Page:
If Trump fails to deliver, he will ‘double-down’. And the liberal democratic traditional wing will meantime build a case for his removal in the short run, which they’ll employ if and when he fails (if he doesn’t bring himself to heel). But Trump could also take bigger risks if he feels he is failing, That could also mean more direct conflict with China which is the real target now, not the middle east or Russia. The US elite’s won’t touch him if he is about to get into a war there, or if he delivers jobs, law and order, etc. to his US popular base. In the meantime, as they develop the real ‘dossier’ on him, he will launch his own anti-media offensive against them. You can’t have fascism without taming the media and the press, without crushing popular opposition movements, and without neutralizing the potential opposition from within the more ‘liberal’ and tolerant wing of the capitalist class itself. We’ll see what happens in the coming year. The crisis will erupt no earlier than 2018 I believe.

What is ‘Financial Imperialism’? Greece and the Eurozone Periphery as Harbinger of Things to Come

 

What is ‘Financial Imperialism’? Greece and the Eurozone Periphery as Harbinger of Things to Come

THE FOLLOWING ARE SELECTIONS FROM MY RECENTLY PUBLISHED BOOK, “LOOTING GREECE: A NEW FINANCIAL IMPERIALISM EMERGES”. WHAT IS “FINANCIAL IMPERIALISM? HOW IS IT FUNCTIONING IN GREECE TODAY? AND IS IT A GROWING CHARACTERISTIC OF 21st CENTURY GLOBAL CAPITALIST ECONOMY? ARE TOPICS ADDRESSED. (See the Concluding Chapter in the book for the complete analysis)

The recurring Greek debt crises represent a new emerging form of Financial Imperialism. What, then, is imperialism, and especially what, when described is financial imperialism? How does what has been emerging in Greece under the Eurozone constitute a new form of Imperialism? How is the new Financial Imperialism emerging in Greece both similar and different from other forms of Imperialism? And how does this represent a broader development, beyond Greece, of a new 21st century form of Imperialism in development?

The Many Meanings of Imperialism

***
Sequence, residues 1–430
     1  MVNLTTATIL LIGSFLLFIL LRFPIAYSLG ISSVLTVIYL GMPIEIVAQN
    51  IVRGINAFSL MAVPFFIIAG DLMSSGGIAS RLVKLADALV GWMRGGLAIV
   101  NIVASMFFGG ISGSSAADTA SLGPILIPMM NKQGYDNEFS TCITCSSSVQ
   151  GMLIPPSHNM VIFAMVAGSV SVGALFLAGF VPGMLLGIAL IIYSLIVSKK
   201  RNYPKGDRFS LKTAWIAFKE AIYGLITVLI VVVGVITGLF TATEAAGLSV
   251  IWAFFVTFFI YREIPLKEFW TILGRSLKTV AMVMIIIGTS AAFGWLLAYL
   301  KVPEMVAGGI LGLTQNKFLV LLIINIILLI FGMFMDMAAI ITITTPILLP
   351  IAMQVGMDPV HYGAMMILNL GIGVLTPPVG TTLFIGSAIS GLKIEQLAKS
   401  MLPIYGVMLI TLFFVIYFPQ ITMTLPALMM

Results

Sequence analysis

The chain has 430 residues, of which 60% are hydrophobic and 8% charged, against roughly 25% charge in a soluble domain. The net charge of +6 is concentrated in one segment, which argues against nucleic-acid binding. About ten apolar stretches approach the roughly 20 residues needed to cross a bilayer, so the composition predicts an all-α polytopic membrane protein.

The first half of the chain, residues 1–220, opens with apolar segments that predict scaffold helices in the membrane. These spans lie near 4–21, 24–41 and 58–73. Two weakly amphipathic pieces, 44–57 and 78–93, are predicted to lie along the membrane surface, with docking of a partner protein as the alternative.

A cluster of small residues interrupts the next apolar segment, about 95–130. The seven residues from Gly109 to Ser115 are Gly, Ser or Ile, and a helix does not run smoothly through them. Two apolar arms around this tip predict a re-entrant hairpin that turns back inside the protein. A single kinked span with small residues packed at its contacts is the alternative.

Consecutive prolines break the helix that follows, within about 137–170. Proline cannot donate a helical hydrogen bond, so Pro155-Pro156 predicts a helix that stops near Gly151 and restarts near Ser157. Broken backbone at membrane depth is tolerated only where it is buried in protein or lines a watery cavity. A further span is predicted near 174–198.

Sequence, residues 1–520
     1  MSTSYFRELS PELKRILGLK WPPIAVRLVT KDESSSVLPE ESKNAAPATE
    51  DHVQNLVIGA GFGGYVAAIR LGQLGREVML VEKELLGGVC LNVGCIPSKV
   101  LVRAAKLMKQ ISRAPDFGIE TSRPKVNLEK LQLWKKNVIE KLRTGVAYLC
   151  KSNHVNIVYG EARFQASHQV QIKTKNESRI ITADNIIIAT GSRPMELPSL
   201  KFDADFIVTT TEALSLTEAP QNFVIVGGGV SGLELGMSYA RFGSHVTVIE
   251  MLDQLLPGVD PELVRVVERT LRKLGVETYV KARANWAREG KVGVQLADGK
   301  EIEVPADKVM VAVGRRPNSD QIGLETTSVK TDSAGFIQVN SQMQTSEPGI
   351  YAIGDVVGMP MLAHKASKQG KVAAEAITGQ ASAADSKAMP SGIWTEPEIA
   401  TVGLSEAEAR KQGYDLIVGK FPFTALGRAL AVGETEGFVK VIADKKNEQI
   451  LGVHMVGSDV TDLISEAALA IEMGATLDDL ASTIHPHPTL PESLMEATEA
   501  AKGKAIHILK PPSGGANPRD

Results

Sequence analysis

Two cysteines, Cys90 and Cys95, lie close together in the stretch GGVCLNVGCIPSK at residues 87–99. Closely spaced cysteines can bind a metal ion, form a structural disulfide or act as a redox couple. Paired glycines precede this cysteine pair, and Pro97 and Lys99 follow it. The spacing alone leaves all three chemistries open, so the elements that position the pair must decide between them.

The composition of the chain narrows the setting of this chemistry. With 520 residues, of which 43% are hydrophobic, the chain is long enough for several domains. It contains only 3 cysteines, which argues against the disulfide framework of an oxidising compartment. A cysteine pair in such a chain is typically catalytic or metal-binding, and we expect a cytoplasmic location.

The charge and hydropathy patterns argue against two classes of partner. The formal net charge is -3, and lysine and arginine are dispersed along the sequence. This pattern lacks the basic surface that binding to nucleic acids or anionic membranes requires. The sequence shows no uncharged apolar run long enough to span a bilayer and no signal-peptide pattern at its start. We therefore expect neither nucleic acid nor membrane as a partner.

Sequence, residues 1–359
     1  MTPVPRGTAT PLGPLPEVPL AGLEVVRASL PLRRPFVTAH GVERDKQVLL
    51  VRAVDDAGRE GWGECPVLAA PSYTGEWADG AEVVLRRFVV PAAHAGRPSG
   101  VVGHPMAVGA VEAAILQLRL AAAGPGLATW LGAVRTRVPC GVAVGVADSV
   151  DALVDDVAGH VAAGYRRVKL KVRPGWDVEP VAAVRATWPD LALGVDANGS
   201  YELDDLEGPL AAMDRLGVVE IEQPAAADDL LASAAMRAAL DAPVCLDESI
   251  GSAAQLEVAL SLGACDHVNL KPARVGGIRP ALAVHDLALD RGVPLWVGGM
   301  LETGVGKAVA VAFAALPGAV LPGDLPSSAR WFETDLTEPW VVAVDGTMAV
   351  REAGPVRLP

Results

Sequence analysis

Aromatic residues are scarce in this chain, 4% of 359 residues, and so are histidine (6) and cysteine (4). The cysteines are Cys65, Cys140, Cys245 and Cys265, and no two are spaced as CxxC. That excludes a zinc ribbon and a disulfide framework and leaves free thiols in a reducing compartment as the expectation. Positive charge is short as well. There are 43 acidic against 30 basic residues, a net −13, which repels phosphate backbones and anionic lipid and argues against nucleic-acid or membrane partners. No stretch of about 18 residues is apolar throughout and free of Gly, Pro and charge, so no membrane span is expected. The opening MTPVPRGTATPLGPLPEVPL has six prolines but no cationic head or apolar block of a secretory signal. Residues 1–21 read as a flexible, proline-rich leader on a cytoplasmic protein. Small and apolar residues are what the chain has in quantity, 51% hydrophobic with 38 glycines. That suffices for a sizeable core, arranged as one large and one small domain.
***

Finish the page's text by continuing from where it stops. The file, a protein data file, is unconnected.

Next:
Imperialism is a term that carries both political-military as well as economic meaning. It generally refers to one State, or pre-State set of political institutions and society, conquering and subjugating another. The conquest/subjugation may occur for largely geopolitical reasons—to obtain territories that are strategically located and/or to deny one’s competitors from acquiring the same. It may result as the consequence of the nationalist fervor or domestic instability in one State then being diverted by its elites who are under domestic threat, toward the conquest of an external State as a means to avoid challenges to their rule at home. Conquest and acquisition may be undertaken as well as a means to enable population overflow, from the old to the new territory. These political reasons for Imperialism have been driving it from time immemorial. Rome attacked Carthage in the third century BCE in part to drive it from its threatening strategic positions in Sicily and Sardinia, and also to prevent it from expanding northward in the Iberian Peninsula. Domestic nationalist fervor explains much of why in post-1789 revolutionary France the French bourgeois elites turned to Napoleon who then diverted domestic discontent and redirected it toward military conquest. Imperialism as an outlet for German eastward population settlement has been argued as the rationale behind Hitler’s ‘Lebensraum’ doctrine. And US ‘Manifest Destiny’ doctrine, to populate the western continent of North America, was used in the 19th century as a justification, in part, for US imperialist wars with Mexico and native American populations at the time.